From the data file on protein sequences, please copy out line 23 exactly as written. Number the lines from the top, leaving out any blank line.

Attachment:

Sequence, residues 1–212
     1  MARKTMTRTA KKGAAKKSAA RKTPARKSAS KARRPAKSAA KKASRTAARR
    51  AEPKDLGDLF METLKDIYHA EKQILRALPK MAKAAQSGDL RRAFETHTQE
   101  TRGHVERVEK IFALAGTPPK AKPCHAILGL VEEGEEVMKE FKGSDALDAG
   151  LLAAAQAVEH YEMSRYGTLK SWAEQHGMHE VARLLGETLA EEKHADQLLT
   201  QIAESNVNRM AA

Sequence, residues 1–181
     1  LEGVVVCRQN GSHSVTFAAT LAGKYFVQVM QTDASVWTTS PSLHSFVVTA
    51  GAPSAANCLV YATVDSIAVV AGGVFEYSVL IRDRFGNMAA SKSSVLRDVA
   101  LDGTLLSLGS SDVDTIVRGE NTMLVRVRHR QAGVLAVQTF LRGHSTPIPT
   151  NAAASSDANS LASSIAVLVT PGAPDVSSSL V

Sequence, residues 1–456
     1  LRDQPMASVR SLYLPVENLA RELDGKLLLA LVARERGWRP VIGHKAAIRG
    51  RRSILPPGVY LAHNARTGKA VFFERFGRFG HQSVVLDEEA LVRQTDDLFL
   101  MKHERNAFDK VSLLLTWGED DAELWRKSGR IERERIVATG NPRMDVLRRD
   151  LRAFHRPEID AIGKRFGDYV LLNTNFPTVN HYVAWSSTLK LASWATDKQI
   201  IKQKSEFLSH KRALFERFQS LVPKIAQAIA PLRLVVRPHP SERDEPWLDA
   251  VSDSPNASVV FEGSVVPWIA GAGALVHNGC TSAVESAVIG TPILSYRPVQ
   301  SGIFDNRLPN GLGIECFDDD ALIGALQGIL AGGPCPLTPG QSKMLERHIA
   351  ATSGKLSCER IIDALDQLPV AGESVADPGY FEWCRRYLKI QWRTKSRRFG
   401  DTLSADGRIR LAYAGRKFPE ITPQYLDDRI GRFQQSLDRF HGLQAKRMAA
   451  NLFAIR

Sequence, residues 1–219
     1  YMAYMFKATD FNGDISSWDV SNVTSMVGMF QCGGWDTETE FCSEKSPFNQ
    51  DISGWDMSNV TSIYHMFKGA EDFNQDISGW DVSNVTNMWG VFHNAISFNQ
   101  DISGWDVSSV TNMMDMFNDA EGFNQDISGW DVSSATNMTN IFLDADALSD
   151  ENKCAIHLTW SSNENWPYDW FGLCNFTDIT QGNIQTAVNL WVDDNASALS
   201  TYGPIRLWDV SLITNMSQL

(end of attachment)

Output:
Sequence, residues 1–219